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Galois deformations are an important tool in Wiles' arsenal for proving FLT. Are there any more elementary aspects (I'm thinking of 1-dimensional Galois representations attached to number fields) that would help the novice in better understanding what's going on?

Here's what I have in mind. Let $\rho: G_{\mathbb Q} \longrightarrow {\mathbb C}^\times$ be a 1-dimensional representation of the absolute Galois group of the rationals factoring over some finite extension. Given a Dirichlet character $\chi: GL_1({\mathbb Z}/N{\mathbb Z}) \longrightarrow {\mathbb C}^\times$, we can find representations $\rho_\chi: Gal(K/{\mathbb Q}) \longrightarrow {\mathbb C}^\times$ for any cyclotomic extension $K = {\mathbb Q}(\zeta_N)$. Call $\rho$ modular if there is a $\chi$ such that $\rho = \rho_\chi$. The statement that every $\rho$ coming from an abelian extension is modular is the theorem of Kronecker-Weber, and in this form it can be proved using Galois deformations along the lines of Wiles' proof (see Tunnell's proof in Kowalski's notes). BTW if anyone knows a source for this result that is more readable than Kowalski's notes (which I discovered just a couple of days ago and haven't studied in detail yet) I'm all ears.

Question: Are there other similarly "elementary" questions, for example in embedding problems or inverse Galois theory, that can be described in terms of Galois deformations?

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normally when we talk about Galois deformation, we talk about p-adic representations, right? – natura Mar 2 '10 at 1:19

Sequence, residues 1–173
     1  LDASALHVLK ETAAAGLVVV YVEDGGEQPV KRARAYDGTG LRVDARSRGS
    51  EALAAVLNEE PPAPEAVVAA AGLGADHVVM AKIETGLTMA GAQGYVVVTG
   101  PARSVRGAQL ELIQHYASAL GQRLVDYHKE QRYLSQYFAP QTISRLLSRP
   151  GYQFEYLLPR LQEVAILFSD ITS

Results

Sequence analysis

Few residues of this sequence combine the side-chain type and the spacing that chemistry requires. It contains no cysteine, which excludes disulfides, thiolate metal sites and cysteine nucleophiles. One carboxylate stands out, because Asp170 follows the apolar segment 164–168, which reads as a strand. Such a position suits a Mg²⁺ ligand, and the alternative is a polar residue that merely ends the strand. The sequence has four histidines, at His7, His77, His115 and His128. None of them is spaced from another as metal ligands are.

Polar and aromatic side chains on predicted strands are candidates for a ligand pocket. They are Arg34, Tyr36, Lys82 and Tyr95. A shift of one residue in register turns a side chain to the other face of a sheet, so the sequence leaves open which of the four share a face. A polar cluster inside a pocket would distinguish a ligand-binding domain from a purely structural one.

In the 1-d case the universal deformation rings that show up are the ones usually called "Lambda" in Iwasawa theory (and this is trivial to check---you're just basically forming profinite group rings in this case). If I remember correctly Mazur makes some remarks about this in his original paper on the subject. By the way I think it's better to let rho be a p-adic Galois representation and say it's modular if it's a product of an integral power of the cyclo char by a finite order char. Then you get modular iff de Rham iff comes from an algebraic automorphic form, which is the analogy you want. – Kevin Buzzard Mar 2 '10 at 12:37
Someone who writes out all the details of the proof of Kronecker-Weber using this approach will do a great service to the community (and to himself, in the bargain). – Chandan Singh Dalawat Mar 3 '10 at 8:06
"...Kronecker-Weber...". I'm not sure it's as easy as that. Wiles/Taylor use the Poitou-Tate exact sequence as an input into proving their R=T theorems and this exact sequence encodes most of global CFT already. So you might find the argument is circular. In fact if I remember correctly I think Larry Washington wrote an article in Cornell-Silverman-Stevens explaining all this. Nowadays one needs weaker numerical criteria to get R=T results but I'm still not at all convinced that you can get around CFT going in as an input. – Kevin Buzzard Mar 3 '10 at 9:59
Dear Kevin and Brian, I've looked over the Tunnell notes before, and I don't think they are circular. Of course, they don't give the quickest proof of Kronecker--Weber by any means; but nor were they intended to. Rather, they were supposed to give a blueprint for the arguments of Wiles and Taylor in a simpler setting, where the deformation-theoretic arguments could be made by hand (hence, no cohomological theorems needed, and no circularity). – Emerton Mar 3 '10 at 14:15

Late answer in continuation to #4: if I remember right, at first Tunnell thought he would need Poitou-Tate to complete the Kronecker-Weber proof in this manner (which would make things rather unsatisfactory, as people have said), but in the end -- for Kronecker-Weber only -- he saw that he only needed the local Kronecker-Weber theorem to complete the argument, which he then proved in the class (or maybe he just sketched the proof?).

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Nigel Boston has a set of notes on the proof of FLT: (the notes is the link "Spring 2003 Math 869 Fermat's Last Theorem notes" under "Courses"). I haven't finished reading it, but it looks good.

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